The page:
Cold winter nights can mean that, with a small bird such as a goldcrest that only weighs 5 gms,  it can lose a fifth of its body weight in just one night.  Such birds still persist in roosting alone as does the tree creeper illustrated here and the latter seeks out a crevice in bark and squeezes in for the hours of darkness.   Another bird that is normally solitary may adopt a different method if the nights are really cold and that is the wren.   Against all their normal behaviour of living alone they will gather and form a  roost to keep each other warm for the night.   The roosting site can vary from a hole in a tree to nest boxes and such communal roosts have been recorded  as containing 60 wrens or more although most  are much smaller.  The record  is 61 wrens in a nest box followed closely by 30 in a hole in  a tree.    In Strathnairn,  a few miles south of Inverness,   there is a regular winter roost of up to eight  wrens in an artificial nest box designed for  house martins.  Sadly if the cold persist the whole roost may die overnight and it a sad experience to see such a sight.

There is another way of combating the cold nights and that is chosen by long-tailed tits.   As many readers   will know by these delightful birds coming into the garden to feed they go around in flocks, sometimes up to a dozen birds or more.  At night they will huddle together  on a branch side by side.  Research has shown that the dominant birds are in the centre as by huddling up to the birds on either side they  extract warmth.  It must be a remarkable sight to see such a line of these tiny birds.

Yew Trees – Ray Collier – Wildlife in the North

Tuesday, December 6th, 2016

yews at boleskineWith many of the leaves gone from the trees the yew  trees are now conspicuous and take on a grandeur of their own.  There are few trees in the Highlands that  are so mysterious and with a rich history of folk lore and myths.  They have attracted writers, artists and poets for centuries and so much so that a number of monographs have been written about them.  By far my favourite is “Yew – A History” by Fred Hageneder  as it covers so much of this ancient tree’s uses from the making of longbows to the poetry and the dating of old yews to a potential poison.  Another fine monograph is “The Eternal Yew” – how apt a title, by Trevor Baxter.    The age of yew trees has always been part of its mystery particularly as one yew – the Fortingale Yew in the grounds of the Kirk at Fortingale, a Perthshire village at the entrance to the romantic Glen Lyon, is reputed to be the oldest tree in Europe.  The estimates for the age of this famous yew are between 1500 and 3000 years and they are based on the girth of between  52 and 56 feet, but, unfortunately,  only fragments of the girth survived.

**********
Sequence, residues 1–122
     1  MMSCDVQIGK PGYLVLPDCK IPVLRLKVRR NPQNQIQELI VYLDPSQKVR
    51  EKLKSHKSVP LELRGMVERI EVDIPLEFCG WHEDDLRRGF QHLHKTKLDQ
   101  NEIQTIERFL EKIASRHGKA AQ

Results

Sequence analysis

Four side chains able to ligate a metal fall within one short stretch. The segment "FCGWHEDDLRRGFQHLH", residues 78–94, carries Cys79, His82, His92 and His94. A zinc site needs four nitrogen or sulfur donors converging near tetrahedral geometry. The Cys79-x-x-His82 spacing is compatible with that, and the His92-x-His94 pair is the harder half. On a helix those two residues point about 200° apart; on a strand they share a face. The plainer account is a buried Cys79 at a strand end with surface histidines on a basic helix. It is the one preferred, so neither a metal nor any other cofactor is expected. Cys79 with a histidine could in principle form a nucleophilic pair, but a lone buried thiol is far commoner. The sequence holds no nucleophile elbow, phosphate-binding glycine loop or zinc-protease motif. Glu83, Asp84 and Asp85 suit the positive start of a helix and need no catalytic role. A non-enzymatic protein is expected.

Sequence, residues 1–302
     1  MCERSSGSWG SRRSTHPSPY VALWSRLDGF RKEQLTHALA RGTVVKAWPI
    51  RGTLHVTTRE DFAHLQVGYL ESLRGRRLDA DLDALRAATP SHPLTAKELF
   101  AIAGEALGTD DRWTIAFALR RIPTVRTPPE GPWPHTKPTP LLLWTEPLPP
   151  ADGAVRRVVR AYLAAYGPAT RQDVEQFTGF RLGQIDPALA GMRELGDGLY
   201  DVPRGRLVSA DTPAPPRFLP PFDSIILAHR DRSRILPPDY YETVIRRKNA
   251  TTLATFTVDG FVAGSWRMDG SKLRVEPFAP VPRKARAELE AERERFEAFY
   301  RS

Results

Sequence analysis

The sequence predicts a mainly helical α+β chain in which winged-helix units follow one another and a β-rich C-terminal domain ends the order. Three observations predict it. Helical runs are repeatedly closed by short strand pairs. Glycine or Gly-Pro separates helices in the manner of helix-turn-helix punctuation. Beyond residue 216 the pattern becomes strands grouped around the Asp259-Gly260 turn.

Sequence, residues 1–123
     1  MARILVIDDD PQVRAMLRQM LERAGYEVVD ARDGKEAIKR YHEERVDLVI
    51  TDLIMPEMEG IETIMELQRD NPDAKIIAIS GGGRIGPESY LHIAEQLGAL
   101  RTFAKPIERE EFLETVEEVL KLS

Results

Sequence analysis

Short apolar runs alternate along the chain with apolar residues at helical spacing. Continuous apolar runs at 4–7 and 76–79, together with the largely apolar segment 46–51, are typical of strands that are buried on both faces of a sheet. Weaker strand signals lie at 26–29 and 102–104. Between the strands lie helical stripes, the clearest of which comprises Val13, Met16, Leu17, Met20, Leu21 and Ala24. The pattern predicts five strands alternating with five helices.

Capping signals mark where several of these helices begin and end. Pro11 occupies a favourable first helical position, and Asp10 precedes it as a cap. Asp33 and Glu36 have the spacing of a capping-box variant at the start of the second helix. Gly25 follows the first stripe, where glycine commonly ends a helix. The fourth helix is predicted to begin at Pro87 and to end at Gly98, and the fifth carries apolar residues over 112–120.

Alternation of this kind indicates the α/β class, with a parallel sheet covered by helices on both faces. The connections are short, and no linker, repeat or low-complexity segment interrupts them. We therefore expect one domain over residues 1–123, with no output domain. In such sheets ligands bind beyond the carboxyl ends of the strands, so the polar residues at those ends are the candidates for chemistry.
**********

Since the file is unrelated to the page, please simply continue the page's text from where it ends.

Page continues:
However, the Fortingale yew now has a rival as there is a yew in Wales, at Defynnog, that is reputed to be 5,000 years old.  However, you do not have to travel that far to see an old yew as in the  Highlands there  is one at  Dundonnel  south west of Ullapool although  compared  with others it is a mere, estimated, 2,000 years old.   The gardens are open for some days during the year and I well remember the last time I went there.  After paying the modest entrance fee I asked “where is the tree” and they  knew straight away which one I wanted to see.  It is a very impressive tree so why not visit it next summer when the garden is open again?   Closer to Inverness  is where I took the photograph of the superb looking yew trees in Bolingbroke Burial Ground near Foyers.  The shape of yew trees varies depending on their age as it is broadly conical when they are younger.  Then the older it gets the more columnar it becomes as the branches grow outward as quickly as the height grows.  That is why the Boleskine ones are that delightful columnar profile.    The added advantage of these yews is that the churchyard is on the side of Loch Ness so there is always  the chance of seeing the Loch Ness Monster!

You cannot think about yew trees without thinking  about the famous longbows.   The best wood for the bows is, by far, the yew followed by wych elm. In the north, Including  the Highlands,  the alternatives that were used were the ash, hazel, fir or oak.   The advantage of the yew was that it could be cut so that it contained both sapwood, to give springiness, and heartwood, for the sheer strength.   The problem was that there were just not enough yew trees to meet the demand for archers in the UK.  So the problem  was overcome by importing very large quantities of timber from the continent , mainly from Spain.  There was an added bonus with using yew that is often overlooked but it was very important.  The seeds of yew yielded a deadly poison and it was use to tip  the arrowheads.